April 22, 2005
Before I dive into this week’s diatribe, a quick story?
On Wednesday, while spending the day out on the northern tip of Long Island, I stumbled into an old-looking toy store located on a street with about 15 other small shops. On the front door hung a small sign that read, "Sports Cards Inside," and looked as if it had been placed there about the same time that fantasy baseball was invented. I entered the store, said hello to the token small-town toy store guy behind the counter, and then walked around until I located the advertised "Sports Cards."
Boxes full of 1990 and 1991 baseball, football and basketball cards were just sitting around. Apparently Topps, Donruss and other card manufacturers hadn’t shipped anything to this store since the first George Bush was in office — especially considering that there were also boxes of Desert Storm trading cards on the shelves.
Now, normally stumbling upon old boxes of baseball cards would be a potential gold mine, or at least a chance to buy some vintage stuff for a very low price tag. Problem here is that cards from the early 1990s are probably the least valuable cards ever produced. The 14- and 15-year-old price stickers on each box read $29.99 — a number that actually exceeds the present value of these cards (a complete set of ’90 Topps is listed as $20 in Beckett this month).
Back in the late ’80s, when the baseball card market was booming, discovering cards from 10-15 years ago would have yielded treasures such as Mike Schmidt, George Brett, Dave Winfield and Robin Yount rookie cards — all worth several hundreds of dollars. I used to have dreams of driving in Middle America, and coming across old boxes of unopened cards from the early ’50s. You would always hear stories about people who bought old houses and found the famous Honus Wagner rookie card sitting in an old trunk or desk. Each collector had his own fantasy about making a similar find some day.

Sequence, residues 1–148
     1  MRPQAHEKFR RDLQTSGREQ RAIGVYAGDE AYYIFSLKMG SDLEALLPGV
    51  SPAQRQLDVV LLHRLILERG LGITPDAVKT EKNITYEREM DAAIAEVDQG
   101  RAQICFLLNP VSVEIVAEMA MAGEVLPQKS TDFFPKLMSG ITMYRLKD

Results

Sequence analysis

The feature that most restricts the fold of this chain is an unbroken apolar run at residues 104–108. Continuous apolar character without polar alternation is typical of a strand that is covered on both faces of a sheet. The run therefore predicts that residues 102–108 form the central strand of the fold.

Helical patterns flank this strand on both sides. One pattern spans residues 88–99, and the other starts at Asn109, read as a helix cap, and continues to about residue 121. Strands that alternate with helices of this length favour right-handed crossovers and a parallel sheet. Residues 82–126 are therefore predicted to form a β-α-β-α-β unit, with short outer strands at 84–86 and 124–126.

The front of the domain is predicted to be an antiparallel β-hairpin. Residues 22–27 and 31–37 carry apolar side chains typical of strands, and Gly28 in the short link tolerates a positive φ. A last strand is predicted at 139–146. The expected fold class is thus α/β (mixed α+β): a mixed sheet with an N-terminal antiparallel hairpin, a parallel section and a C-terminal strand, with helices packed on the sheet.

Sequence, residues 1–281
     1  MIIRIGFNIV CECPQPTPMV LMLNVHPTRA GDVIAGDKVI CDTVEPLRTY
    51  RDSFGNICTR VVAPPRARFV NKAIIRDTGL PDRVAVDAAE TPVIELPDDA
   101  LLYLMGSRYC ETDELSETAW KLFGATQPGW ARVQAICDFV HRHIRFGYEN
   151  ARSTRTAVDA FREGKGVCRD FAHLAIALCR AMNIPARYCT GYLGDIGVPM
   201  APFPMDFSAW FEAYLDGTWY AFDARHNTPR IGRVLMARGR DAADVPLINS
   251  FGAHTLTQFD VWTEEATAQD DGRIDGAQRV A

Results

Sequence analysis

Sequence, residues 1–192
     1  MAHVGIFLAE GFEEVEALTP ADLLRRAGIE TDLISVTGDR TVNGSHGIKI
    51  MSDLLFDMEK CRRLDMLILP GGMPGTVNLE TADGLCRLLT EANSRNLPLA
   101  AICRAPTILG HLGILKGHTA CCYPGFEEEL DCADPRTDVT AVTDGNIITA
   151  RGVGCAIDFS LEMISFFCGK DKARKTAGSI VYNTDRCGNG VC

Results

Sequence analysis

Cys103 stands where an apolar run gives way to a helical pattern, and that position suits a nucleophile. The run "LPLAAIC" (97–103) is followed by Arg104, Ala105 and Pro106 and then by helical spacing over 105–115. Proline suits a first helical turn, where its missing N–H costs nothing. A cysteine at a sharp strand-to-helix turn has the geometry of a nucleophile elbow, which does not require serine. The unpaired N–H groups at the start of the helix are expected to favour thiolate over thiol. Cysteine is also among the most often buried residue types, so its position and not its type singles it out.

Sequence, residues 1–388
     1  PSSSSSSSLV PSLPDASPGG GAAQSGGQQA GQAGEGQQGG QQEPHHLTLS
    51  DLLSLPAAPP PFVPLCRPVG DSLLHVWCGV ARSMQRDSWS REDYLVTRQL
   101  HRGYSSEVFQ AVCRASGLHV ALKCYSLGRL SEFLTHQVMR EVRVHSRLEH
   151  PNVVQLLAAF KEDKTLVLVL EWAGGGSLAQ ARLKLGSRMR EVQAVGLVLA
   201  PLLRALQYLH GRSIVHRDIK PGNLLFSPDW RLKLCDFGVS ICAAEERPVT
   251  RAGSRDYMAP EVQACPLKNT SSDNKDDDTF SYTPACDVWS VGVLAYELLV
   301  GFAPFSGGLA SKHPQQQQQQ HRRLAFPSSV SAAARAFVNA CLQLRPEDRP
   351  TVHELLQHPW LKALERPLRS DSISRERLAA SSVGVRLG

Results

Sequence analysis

Well, my moment finally came, years after baseball cards stopped mattering. While the boxes I found probably contained cards such as Ken Griffey Jr, Frank Thomas and Sammy Sosa rookies, the fact that those cards combined (about $8) are worth less than one movie ticket (at least in NY), made the moment about 1/1000th as exciting as any dream I ever had growing up. Then again, those Colin Powell rookies could one day be worth a fortune.
On to this week’s Katastrophe Award nominees?
Perez is 2-for-2 in making this list so far this season.
He’s pitched in four games and has been terrible each time, giving up more earned runs (19) than any non-Rockies pitcher in baseball. Last season in 30 starts, Perez failed to finish the fifth inning only once. This year he’s already been knocked out early twice. In 2004, he only had two games where he allowed more than 10 hits and walks combined. He’s topped that number in three of four outings in 2005.
Since I didn’t watch him pitch at all least year, I feel like I’ve been hustled. Did he really allow only 145 hits in 196 innings? How is it possible his ERA was under 3.00? If there is anyone out there who can honestly say he watched Perez pitch more than a half dozen times in 2004, please let me know.